It would seem that my previous posting is now out of date. Immediately after uploading it, an article from TheScientist appeared in my In Box.
This tells me that Andrew Myers of Harvard University and colleagues have been synthesizing new molecules from scratch, based upon the structure of a natural antibiotic, erythromycin, first discovered in a soil sample in 1949. So far, Myers’s team have created more than 300 synthetic molecules.
They are now evaluating these against an array of different bacteria, including two strains of methicillin-resistant Staphylococcus aureus (MRSA) and vancomycin-resistant Enterococcus (VRE) isolated from clinical samples. “Some of these are really scary bugs,” said Myers. He is in little doubt that hundreds more new antibiotics of various degrees of effectiveness will be synthesized in due course.
This has been a paradigm shift in the battle against killer bacteria. Unlike the other big battle of developing vaccines against viruses, this one seems to have the potential to match the speed of bacterial mutations. What must be borne in mind, however, is that bacteria will be always able to dissipate resistance against the new antibiotics as much as against the present ones.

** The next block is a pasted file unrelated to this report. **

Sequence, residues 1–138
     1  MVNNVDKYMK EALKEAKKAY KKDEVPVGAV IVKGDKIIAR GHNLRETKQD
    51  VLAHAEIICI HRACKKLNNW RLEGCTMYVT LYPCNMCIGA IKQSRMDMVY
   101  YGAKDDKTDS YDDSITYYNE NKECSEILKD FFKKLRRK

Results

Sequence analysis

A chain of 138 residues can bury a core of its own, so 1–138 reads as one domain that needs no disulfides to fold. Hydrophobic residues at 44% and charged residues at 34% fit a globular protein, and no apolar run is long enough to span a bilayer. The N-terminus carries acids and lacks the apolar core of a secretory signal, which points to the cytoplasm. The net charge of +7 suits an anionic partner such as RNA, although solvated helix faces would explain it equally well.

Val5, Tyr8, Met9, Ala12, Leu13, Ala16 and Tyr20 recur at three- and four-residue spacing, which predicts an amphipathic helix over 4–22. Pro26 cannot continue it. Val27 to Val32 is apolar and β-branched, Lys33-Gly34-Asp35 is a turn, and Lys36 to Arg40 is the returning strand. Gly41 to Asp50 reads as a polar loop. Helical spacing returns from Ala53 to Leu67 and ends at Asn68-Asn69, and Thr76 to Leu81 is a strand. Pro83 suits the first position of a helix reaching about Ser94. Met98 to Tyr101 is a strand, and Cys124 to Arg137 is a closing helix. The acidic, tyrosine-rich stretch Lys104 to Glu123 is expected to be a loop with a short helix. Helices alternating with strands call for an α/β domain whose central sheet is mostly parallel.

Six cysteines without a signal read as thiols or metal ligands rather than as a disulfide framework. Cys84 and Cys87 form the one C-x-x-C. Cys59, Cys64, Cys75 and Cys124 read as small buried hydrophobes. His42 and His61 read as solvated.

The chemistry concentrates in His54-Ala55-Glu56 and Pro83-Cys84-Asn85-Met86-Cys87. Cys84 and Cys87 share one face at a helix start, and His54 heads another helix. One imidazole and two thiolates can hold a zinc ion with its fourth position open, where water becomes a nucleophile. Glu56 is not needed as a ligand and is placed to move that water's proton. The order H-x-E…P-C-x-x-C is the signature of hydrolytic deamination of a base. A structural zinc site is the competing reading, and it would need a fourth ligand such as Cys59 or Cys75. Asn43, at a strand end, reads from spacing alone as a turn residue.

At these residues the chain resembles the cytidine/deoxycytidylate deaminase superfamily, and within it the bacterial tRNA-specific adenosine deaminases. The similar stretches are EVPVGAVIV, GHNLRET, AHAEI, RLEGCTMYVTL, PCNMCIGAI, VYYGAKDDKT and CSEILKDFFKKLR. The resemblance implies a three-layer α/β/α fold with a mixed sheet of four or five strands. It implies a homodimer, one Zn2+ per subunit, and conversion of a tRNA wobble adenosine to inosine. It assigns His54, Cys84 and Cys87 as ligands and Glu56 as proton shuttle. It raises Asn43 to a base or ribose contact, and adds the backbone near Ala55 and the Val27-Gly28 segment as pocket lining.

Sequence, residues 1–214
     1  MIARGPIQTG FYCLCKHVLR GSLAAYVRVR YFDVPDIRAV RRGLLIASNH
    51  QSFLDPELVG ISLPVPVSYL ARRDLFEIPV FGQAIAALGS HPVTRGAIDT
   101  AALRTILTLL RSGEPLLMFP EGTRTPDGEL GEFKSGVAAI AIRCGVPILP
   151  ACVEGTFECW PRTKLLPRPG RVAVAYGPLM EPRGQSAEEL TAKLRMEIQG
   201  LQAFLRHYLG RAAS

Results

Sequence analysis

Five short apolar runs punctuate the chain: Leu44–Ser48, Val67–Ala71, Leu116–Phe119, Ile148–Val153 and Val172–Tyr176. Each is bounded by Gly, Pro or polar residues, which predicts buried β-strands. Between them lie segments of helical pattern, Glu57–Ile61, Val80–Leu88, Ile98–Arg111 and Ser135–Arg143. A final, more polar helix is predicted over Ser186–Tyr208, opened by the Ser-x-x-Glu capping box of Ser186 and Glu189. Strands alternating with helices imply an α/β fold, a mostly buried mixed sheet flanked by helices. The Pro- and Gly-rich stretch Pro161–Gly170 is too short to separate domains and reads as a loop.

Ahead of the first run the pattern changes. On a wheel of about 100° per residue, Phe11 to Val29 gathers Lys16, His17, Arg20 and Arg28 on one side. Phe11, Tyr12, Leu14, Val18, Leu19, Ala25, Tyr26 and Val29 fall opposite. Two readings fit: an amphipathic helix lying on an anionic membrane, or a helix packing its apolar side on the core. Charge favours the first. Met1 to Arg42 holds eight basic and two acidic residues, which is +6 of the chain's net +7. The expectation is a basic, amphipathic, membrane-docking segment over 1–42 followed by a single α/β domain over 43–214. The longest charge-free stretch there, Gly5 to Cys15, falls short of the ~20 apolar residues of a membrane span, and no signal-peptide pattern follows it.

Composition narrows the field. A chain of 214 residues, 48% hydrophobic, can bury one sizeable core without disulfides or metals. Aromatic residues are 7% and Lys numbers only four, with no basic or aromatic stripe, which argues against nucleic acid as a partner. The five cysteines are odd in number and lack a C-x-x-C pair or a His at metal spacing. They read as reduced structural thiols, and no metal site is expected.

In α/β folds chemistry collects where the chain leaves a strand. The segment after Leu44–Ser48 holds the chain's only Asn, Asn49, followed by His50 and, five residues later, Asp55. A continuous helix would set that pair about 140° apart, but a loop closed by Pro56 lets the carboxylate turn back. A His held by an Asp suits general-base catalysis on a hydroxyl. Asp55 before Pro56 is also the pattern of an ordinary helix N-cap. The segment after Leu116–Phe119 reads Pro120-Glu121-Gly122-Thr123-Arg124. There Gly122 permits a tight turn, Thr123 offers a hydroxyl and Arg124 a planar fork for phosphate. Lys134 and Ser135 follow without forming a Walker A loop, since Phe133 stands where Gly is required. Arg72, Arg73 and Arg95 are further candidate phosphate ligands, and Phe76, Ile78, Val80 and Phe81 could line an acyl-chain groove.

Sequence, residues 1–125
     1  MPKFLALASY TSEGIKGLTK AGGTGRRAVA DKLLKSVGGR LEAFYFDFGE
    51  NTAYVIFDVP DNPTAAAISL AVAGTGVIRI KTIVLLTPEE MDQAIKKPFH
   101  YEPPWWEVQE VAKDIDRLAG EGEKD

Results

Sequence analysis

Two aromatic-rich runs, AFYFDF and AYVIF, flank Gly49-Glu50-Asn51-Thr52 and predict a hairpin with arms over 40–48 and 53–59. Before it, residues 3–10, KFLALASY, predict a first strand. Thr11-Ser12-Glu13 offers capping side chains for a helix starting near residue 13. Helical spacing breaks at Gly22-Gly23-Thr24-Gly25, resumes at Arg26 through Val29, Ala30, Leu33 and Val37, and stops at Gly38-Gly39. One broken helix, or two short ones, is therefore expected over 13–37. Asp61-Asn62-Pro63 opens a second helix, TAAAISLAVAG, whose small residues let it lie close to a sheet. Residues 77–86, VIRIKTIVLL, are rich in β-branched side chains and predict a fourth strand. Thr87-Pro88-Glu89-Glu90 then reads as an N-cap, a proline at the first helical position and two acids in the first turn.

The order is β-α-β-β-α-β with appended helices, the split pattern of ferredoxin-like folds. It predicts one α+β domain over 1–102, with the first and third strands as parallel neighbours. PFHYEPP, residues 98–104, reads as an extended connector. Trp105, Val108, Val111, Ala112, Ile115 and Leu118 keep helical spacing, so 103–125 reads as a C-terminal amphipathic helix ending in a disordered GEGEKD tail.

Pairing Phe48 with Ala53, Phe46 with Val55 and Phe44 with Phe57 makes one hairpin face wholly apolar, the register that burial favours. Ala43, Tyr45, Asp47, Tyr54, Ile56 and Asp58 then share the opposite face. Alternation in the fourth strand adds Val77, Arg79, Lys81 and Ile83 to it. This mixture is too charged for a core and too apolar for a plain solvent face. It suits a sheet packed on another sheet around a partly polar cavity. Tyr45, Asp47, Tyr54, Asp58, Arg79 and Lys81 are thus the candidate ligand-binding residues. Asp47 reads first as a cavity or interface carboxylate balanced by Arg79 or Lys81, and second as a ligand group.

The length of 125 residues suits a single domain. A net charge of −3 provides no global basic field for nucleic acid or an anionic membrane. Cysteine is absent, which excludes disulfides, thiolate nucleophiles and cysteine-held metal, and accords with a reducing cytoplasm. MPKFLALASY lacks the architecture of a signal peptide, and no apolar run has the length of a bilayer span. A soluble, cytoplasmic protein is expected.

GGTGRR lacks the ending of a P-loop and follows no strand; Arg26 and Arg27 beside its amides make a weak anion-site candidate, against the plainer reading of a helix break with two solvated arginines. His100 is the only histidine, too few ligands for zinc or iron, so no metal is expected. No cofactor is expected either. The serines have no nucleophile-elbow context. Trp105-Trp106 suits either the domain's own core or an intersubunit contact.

From now onwards, no matter how many new antibiotics can be synthesized they’ll have to be used by doctors according to strict schedules so that resistance by any particular bacterium is not given the chance of building up world-wide resistance.
It will be a numbers game in which natural mutations of bacteria will always give them the ‘first kill’. The new antibiotics will enable man to make a rapid ‘second kill’ and thus confine any new bacterium to a small region in which it can then die out naturally.